Production of Alkali Sulfide Cathode Materials for Next
Generation Rechargeable Batteries
Xuemin Li, Yongan Yang, and Colin Wolden
Summary: A method to produce hierarchically structured alkali sulfide cathode materials.
Description: Meeting the demands of advanced consumer electronics and electronic vehicles requires next
generation rechargeable batteries with greater specific-energy and energy-density that current lithium ion
batteries. Alkali sulfide (M2S, M = Li and Na) cathodes have great promise for enabling a number of “beyond-
lithium” technologies, including metal-sulfur, graphite-sulfide, and silicone-sulfide batteries. Significant efforts
have been invested to develop M2S cathodes. M2S nanoparticles serve as a good model system as their small
dimensions and high specific surface area enables higher capacity, greater cycling stability, and faster
charging/discharging kinetics, but face the challenge of achieving both high specific-capacity and capacity-density.
In addition the current methods for production of M2S nanoparticles are energy intensive and not viable on a
commercially scale. A number of practical challenges also exist when M2S nanoparticles are directly used in
batteries. M2S hierarchical structures (M2S-HSs) have the potential to overcome many of these limitations. The M2S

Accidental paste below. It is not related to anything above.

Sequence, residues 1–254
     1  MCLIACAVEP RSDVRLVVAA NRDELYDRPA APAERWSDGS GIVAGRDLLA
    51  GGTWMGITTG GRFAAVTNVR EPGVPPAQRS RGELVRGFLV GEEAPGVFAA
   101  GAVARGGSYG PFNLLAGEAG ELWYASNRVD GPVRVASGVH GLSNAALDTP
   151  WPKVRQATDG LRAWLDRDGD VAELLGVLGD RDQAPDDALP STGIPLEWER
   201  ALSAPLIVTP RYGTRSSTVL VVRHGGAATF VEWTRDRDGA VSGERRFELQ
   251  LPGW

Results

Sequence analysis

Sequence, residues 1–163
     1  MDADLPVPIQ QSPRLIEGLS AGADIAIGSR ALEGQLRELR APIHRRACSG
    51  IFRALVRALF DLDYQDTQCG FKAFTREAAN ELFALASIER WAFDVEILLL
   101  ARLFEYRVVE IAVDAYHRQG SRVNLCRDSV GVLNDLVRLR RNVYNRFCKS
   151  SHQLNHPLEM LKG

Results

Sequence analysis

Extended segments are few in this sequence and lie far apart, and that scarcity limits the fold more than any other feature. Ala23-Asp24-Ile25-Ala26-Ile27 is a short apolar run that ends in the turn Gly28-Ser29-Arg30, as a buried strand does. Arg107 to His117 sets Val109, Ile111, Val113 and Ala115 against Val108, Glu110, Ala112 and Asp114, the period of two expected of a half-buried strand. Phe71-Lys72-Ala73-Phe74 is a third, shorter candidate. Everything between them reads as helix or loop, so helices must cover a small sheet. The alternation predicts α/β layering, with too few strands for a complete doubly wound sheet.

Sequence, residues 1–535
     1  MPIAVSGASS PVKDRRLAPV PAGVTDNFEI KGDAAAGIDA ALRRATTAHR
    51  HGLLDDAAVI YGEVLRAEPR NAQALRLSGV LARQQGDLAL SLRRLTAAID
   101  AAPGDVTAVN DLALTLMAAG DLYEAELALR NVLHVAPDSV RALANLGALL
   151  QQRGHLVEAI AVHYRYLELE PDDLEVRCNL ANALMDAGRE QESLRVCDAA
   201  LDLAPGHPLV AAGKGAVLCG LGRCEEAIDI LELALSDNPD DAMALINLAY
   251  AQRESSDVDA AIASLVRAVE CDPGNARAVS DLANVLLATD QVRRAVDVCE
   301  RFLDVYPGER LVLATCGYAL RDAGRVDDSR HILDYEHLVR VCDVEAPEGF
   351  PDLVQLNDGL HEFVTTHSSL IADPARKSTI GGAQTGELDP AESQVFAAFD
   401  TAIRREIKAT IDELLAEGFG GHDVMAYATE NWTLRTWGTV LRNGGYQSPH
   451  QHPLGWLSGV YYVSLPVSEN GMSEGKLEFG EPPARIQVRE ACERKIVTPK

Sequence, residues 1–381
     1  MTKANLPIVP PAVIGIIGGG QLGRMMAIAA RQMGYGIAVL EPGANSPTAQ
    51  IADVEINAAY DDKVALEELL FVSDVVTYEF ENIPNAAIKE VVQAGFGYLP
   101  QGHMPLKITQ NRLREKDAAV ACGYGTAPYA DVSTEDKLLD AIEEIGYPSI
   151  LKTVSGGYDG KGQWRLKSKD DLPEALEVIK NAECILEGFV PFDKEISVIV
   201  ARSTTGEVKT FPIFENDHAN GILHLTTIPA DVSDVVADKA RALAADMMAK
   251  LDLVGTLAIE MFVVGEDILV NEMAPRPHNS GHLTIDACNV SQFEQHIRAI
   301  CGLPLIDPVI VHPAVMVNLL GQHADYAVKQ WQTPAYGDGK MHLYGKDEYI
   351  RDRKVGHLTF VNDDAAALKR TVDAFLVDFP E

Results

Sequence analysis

hierarchical structures developed in this work are composed of micrometer-sized secondary clusters of M2S
nanoparticles that are wrapped in a carbon scaffolding. These secondary structures have the benefits of both
nanoparticles (improved cyclability and high specific capacity) and of bulk materials (high capacity density). The
secondary structures are wrapped within a carbon-scaffold to form hierarchical structures and electrical
interconnectivity among primary nanoparticles is created producing an effective electrode material.
Main Advantages of this Invention:

The M2S secondary structures are produced through a one-step process, without the need to first
synthesize M2S nanoparticles. The reaction is thermodynamically favorable, spontaneous, rapid, and
complete, and proceeds at room temperature and pressure. The auxiliary reagents can be recycled
without any treatments, enabling a continuous process for manufacturing.

A polymer coating on the secondary structures is applied and is resistant to the solvent used to form the

The carbon scaffold enables electrical interconnectivy among the primary nanoparticles, facilities M-ions
transport throughout the whole structure, and blocks the electrolyte and prevents the formation of
detrimental species inside of the hierarchical structures.

Method completely consumes the reactant H2S, which is a major industrial pollutant.
Potential Areas of Application:


H2S removal
ID number: 16020
Intel ectual Property Status: US provisional patent filed.
Opportunity: We are seeking an exclusive or non-exclusive licensee for implementation of this technology.
For more information contact:
William Vaughan, Director of Technology Transfer
Colorado School of Mines, 1500 Illinois Street, Guggenheim Hall Suite 314, Golden, CO 80401
Phone: 303-384-2555; e-mail: